Precautions in Bear Country

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Black Bear
The best way to defend against a bear attack is bear pepper spray. Misplaced gun shots may just wound the animal, making it even more dangerous.

Seeing a bear while bear hunting is always thrilling. Sometimes it’s a good thrill like seeing your first bald eagle. Other times it’s a scary thrill, like seeing a rattlesnake coiled near your feet. Whether the experience is pleasant or frightening depends on the person’s attitude.

Bears are a valuable game species but many people are afraid of bears. They’ve heard stories of bear attacks and worry that a bear might attack them. Most bear hunters know, however, that bear attacks are extremely rare. In fact there have been slightly more than 100 people killed in last 100 years by bears, both grizzly and black, in North America. Bears are discreet animals that are fairly uninterested in humans.

If bear hunters learn to follow a few simple safeguards, the chance that a bear will cause problems is very small.

Avoiding a Bad Encounter

Bears are shy, solitary animals. Most prefer to avoid humans, and if they see, smell or hear a person, they usually retreat unless they are trying to protect their young. Most encounters between bears and humans occur with the human unaware that it even happened. Bears sometimes become bolder, however, if they are hungry or have become “habituated” to humans. Most commonly, habituation happens when bears learn to associate humans with a food reward.

Bears are easily surprised. This seems strange for such a large, powerful animal. But if a bear is startled, cornered or provoked, it may perceive a person as a threat. Bears are especially protective of their cubs and food carcasses they’re feeding on.

When not hunting them, it’s best to avoid bears. There are several ways to do this:

  • Learn to recognize bear sign. Avoid areas with fresh tracks, torn logs, flipped rocks, scats or clawed trees.
  • Be extra cautious on windy days; it’s harder for bears to hear and smell a person then. Be careful in areas where it’s hard to hear or see well, such as deep brush, along stream sides and at bends in a trail. Reduce chances of surprising a bear by clapping hands, talking, singing or otherwise making noise. This lets any bears in the area know a human is coming and avoid him. Avoid late evening trips and returning to camp in the dark.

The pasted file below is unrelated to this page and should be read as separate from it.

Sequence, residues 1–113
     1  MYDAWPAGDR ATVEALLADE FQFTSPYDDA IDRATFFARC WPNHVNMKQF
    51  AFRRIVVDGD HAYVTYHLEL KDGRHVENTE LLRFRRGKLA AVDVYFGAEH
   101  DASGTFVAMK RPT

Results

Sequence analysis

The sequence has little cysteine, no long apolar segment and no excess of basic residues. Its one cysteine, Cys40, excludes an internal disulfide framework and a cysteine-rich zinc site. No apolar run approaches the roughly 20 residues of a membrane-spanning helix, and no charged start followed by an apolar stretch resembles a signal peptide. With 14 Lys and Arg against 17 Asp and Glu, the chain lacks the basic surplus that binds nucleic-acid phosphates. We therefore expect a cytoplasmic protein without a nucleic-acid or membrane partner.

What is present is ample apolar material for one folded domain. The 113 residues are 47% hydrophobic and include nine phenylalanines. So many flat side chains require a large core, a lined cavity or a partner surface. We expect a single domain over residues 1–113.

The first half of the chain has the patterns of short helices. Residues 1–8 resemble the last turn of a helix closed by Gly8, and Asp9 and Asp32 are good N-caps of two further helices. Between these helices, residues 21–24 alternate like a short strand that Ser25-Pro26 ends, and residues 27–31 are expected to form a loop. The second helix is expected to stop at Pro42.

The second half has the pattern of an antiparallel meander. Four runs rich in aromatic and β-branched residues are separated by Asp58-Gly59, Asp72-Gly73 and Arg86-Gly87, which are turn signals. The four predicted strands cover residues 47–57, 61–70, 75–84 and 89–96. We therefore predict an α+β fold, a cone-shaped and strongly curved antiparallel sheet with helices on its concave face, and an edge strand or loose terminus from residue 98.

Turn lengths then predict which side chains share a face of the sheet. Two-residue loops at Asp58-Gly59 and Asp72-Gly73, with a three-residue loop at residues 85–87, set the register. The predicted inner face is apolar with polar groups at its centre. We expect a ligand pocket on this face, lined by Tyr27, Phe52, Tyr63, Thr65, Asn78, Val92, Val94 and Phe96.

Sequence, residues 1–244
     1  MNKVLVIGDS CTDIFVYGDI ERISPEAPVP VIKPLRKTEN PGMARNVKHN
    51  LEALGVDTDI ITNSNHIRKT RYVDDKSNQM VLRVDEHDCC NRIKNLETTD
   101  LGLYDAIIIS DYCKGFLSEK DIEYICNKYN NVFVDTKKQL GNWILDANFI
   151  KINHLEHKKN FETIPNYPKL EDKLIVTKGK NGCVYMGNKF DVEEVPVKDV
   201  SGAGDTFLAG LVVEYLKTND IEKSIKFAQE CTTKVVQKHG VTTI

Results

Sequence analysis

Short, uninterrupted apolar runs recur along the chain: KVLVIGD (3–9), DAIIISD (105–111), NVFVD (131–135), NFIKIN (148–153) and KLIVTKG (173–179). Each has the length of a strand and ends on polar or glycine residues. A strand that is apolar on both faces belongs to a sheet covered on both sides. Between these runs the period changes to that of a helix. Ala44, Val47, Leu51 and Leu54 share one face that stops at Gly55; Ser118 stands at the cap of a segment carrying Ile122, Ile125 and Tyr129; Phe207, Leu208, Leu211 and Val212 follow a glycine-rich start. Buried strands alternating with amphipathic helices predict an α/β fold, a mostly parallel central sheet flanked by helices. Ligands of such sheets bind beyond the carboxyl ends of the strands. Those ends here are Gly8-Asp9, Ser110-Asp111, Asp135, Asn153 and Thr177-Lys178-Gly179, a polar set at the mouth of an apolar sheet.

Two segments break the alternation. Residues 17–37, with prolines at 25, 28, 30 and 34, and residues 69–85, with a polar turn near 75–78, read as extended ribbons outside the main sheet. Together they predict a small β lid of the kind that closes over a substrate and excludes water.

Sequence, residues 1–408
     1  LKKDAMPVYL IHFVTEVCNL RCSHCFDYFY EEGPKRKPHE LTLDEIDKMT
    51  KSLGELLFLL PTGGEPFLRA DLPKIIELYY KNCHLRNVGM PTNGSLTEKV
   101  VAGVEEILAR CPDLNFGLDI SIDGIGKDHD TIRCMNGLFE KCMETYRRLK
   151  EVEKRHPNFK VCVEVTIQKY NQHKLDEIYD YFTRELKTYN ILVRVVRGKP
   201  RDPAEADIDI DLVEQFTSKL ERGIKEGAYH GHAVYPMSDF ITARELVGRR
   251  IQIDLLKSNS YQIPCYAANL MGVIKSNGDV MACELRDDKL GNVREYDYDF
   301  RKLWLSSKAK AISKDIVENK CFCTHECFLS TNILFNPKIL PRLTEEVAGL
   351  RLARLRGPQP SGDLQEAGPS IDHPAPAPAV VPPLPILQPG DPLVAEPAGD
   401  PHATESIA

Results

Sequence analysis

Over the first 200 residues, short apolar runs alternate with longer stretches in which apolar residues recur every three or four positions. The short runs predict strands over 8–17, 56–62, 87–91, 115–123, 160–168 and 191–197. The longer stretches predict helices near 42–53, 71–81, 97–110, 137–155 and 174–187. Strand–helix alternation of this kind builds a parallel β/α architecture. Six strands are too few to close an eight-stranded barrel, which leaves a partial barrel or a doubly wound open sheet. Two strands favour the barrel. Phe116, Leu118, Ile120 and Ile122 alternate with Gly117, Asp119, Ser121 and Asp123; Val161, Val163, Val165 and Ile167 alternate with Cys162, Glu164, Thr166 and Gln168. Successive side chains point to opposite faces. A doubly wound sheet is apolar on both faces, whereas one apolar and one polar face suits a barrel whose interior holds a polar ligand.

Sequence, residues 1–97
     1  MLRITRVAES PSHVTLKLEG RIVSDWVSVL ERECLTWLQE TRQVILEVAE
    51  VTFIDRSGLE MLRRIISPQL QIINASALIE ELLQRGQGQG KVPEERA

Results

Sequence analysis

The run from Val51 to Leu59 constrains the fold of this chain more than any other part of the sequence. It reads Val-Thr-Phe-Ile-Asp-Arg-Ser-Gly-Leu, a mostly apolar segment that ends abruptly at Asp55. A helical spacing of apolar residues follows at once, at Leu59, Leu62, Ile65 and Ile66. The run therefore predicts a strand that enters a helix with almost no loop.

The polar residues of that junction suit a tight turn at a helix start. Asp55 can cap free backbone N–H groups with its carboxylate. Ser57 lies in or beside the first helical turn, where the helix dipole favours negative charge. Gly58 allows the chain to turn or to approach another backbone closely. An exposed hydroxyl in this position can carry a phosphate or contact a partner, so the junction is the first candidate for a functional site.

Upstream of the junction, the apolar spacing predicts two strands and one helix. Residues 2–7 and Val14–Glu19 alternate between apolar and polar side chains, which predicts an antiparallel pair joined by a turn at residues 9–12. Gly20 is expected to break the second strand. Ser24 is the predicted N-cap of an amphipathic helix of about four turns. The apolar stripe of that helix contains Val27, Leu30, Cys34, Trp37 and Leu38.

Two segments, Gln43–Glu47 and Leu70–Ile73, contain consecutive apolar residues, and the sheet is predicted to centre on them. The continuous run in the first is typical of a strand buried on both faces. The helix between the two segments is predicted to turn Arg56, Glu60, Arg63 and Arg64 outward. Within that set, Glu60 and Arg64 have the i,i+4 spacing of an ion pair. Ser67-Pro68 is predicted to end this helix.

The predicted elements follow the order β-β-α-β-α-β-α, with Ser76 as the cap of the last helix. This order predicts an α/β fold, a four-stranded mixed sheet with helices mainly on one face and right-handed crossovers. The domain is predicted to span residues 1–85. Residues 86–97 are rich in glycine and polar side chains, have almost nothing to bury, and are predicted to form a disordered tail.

• Always bear hunt with others. People who bear hunt alone or in groups of fewer than four people are more likely to have conflicts because bears tend to shy away from large groups of people. When children are in the hunting party, be sure they stay within sight of an adult.
  • It’s also a good idea to leave dogs at home or on a leash. A dog chasing a bear or barking at it can cause real problems.

Handling Game

For those fortunate enough to harvest a game animal in bear country, there are additional precautions to take.

  • Wear gloves and an apron when dressing game to reduce odors on hunting clothing.
  • When gutting an animal, separate the carcass from the entrails. Then quickly remove the carcass from the area. The longer a carcass is left in the field, the greater the chance of a bear-human conflict. Don’t leave entrails within one mile of a trail, campsite, picnic area or parking lot.
  • Don’t store game carcasses too close to camp or near a trail. Bears attracted by the smell may cause problems. A pulley system and rope in camp can be used to hang game out of reach of bears. Carcasses should be at least 10-15 feet above the ground and four feet out from the supporting structure.
  • Hang game so it can be seen from a distance. This allows bear hunters to observe it when returning. If a bear has claimed the food for itself, the bruin can be avoided. Surrender the carcass to a bear if he has already begun feeding on it.
  • Hunting knives and other tools used when dressing game should be washed thoroughly and stored with the game.

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